One of my dreams is to have a large potted fruit bearing fig tree. Fresh delicious figs in the summer – yum! The key to this plan is keeping a fig tree alive, of course, and fig trees can be finicky. The last thing they need is a pest like mealybugs attacking them.
I overwintered my fig tree in a nice south facing window, and I thought it was doing really well. It put on two figs at the beginning of spring, and I was considering moving it outside.
But then came Mealybugs
The first symptom I noticed was what looked at mold at the base of the plant. A few days later, the leaves wilted, and the new figs started withering.
When I picked up the pot, a few bits of a white moldy substance fell out of the drainage hole. I took to the internet to identify what I thought was fungus; but after searching around, I realized it was much more likely to be mealybugs. The bugs were infesting the entire pot. The tree was dying, but I did not want to just throw the whole thing out.
How to remove Mealybugs
Most of the information I found on the internet explains how to remove mealybugs from the stems and leaves of a plant. In my case, however, the bugs were attacking the root system. So I couldn’t just cut the infestation out.
First, I emptied the entire pot, taking care to remove the roots of my little tree from the soil without damage. I then washed the roots off outside to remove remaining particles of dirt. The removed most of the infection, but I did not want the bugs to come back.
Mealybugs attach themselves to the host plant with a waxy substance. So even though I couldn’t see any little larva or eggs latched onto the roots, I wasn’t sure they were entirely gone. To play it safe, I dipped the roots in water heated to 120 degrees Fahrenheit. This was warm enough to detach any remaining bugs, but not so warm that it would kill the plant.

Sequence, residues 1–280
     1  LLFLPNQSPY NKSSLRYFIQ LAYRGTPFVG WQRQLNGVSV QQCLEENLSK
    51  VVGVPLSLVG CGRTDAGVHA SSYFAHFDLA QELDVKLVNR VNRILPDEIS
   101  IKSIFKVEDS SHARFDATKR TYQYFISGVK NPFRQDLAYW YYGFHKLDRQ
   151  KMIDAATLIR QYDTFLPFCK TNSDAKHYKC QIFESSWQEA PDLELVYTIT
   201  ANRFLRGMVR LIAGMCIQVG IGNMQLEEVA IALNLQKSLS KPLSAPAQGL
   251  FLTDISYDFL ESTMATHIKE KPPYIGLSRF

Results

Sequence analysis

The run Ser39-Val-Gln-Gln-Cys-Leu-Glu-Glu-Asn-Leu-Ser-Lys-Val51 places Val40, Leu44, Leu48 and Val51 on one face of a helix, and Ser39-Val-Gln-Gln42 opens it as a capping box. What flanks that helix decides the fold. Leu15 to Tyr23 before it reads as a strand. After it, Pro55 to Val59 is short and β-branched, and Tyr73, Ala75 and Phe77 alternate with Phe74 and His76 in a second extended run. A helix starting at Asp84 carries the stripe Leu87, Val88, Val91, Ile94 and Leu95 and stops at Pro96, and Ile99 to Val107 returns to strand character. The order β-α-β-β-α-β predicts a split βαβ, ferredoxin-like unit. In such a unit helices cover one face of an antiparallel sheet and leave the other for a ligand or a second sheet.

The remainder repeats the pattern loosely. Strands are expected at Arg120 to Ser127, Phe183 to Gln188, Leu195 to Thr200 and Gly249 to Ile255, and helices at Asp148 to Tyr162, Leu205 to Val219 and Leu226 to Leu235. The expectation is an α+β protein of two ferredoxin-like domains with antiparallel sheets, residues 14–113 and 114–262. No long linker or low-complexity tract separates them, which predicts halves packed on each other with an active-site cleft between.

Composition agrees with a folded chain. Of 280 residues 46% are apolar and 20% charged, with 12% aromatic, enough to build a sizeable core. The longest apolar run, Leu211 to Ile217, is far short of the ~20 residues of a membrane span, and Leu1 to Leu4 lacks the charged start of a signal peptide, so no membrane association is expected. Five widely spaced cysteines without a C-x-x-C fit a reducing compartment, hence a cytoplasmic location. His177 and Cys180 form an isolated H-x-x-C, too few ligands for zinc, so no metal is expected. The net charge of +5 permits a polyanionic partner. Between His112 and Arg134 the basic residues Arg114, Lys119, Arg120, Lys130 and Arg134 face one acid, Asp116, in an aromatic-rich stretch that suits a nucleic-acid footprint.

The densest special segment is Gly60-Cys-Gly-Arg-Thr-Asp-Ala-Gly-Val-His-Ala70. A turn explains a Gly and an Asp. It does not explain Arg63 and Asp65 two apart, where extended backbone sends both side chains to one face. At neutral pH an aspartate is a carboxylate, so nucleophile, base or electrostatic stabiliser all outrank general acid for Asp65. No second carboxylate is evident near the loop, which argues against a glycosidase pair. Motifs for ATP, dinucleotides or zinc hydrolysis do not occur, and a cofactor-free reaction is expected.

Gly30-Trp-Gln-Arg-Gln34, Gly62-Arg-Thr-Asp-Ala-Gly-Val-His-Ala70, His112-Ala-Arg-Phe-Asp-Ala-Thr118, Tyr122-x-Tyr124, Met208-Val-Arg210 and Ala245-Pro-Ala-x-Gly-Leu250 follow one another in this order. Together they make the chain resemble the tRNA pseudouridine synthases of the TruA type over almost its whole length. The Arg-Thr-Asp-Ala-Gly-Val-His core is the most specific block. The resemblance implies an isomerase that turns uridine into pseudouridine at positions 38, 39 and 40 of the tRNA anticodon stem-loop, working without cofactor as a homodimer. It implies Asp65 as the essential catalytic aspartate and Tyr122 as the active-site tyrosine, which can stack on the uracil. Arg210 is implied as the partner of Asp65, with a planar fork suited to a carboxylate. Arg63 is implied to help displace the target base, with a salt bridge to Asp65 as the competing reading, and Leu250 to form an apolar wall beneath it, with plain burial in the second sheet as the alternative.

Then, to be extra and especially sure that the bugs were gone, I sprayed the whole plant (roots and branches) down with Insecticidal Soap for Organic Gardening. This last part might have been overkill.
Satisfied that the bugs were gone, I replanted the fig tree. The poor thing dropped the rest of its leaves from stress. Only little brown buds were left. I was concerned that I had killed it.
A week later, however, the buds sprouted green leaves. The pot is still bug-free, and the fig tree is happily existing on the back porch. Neither the mealybugs nor I killed it. So I leave this here in the hopes that someone else faced with a similar dilemma will be able to use some combination of the above methods to save their plant.